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Could a Tiny Worm Help Treat Autism?

Researchers see promise in two novel therapies

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Hollander reported that the main side effect of whipworm therapy, diarrhea, occurred about as often in those taking a placebo, or dummy medication.

The bath study involved 15 children with autism who alternated days soaking in a 102-degree hot tub versus a 98-degree hot tub.

Researchers found that the kids had improved social behaviors on days when they soaked in the 102-degree tub.

The findings verify earlier reports that about one-third of people with autism show an improvement in symptoms when they suffer a fever, the researchers said in background information.

"Parents have said when their child got fevers, they see a marked improvement in autism symptoms," Ring said. "This has been reported for years. This study is just one angle you can take experimentally to get at whether this is a true response."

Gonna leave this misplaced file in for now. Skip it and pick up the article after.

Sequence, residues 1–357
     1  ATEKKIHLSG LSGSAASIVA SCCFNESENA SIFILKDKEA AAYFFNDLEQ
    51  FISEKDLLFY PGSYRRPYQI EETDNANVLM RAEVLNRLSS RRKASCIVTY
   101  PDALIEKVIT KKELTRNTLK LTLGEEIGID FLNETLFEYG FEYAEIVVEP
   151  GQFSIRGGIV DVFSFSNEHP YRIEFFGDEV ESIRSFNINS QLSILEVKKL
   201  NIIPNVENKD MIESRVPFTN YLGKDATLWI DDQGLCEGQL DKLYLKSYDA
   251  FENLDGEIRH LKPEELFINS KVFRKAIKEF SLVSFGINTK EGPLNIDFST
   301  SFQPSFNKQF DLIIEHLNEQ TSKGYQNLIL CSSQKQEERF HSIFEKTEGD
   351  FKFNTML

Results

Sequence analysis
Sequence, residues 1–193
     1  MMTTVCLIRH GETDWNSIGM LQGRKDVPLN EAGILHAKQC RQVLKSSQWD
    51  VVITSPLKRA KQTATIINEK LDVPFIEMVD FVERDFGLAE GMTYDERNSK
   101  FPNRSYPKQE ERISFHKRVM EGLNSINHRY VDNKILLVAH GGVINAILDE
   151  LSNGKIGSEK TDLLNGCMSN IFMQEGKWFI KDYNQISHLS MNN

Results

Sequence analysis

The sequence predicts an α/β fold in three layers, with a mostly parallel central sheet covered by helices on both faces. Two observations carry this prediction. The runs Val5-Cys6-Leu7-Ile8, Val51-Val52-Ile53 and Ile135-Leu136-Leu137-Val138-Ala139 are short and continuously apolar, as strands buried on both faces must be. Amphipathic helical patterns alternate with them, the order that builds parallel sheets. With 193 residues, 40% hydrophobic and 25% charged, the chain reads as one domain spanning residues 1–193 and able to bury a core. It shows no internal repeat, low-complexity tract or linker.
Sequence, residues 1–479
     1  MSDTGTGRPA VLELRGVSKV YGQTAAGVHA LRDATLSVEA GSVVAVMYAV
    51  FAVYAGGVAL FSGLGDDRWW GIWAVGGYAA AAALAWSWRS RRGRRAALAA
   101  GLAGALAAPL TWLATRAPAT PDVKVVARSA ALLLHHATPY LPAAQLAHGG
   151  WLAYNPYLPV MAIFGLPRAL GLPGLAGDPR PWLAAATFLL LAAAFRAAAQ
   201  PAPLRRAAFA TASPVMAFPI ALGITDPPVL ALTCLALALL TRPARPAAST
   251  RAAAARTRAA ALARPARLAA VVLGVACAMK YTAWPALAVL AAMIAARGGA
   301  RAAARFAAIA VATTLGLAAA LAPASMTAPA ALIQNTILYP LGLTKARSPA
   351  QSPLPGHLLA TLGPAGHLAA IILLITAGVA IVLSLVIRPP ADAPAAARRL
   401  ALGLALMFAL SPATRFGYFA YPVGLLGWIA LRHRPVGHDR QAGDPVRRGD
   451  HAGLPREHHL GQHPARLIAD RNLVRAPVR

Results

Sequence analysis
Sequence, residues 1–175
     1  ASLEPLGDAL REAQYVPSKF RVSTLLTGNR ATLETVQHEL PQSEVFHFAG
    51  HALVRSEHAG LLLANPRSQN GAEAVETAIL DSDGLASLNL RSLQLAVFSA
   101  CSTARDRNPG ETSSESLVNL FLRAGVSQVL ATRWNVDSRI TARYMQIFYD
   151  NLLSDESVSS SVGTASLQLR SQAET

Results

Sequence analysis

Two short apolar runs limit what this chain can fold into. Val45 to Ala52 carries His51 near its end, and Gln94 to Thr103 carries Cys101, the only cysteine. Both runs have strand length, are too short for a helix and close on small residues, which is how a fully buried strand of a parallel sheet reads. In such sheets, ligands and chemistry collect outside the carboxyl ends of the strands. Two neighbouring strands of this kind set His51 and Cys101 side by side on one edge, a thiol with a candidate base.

Hollander said he plans to follow up the whipworm study with a larger sample that eventually will contain young patients and lower-functioning adults with autism.

Larger follow-ups are necessary before such treatments can gain acceptance, Ring said.

There is some doubt surrounding the usefulness of the whipworm, which has been investigated as a way of treating other diseases related to the immune system, Ring added.

A major trial testing a whipworm treatment for Crohn's disease, an inflammatory bowel disease, recently failed, casting a shadow over the worm's effectiveness as an immune system modulator, he said. The company that co-funded Hollander's research, Coronado Biosciences, also was behind the Crohn's study.

"I think it's still a ways away before we know whether these treatments are going to be effective," Ring said. "But these findings are helping put us on a road to better understand these effects."

Data and conclusions presented at meetings are typically considered preliminary until published in a peer-reviewed medical journal.

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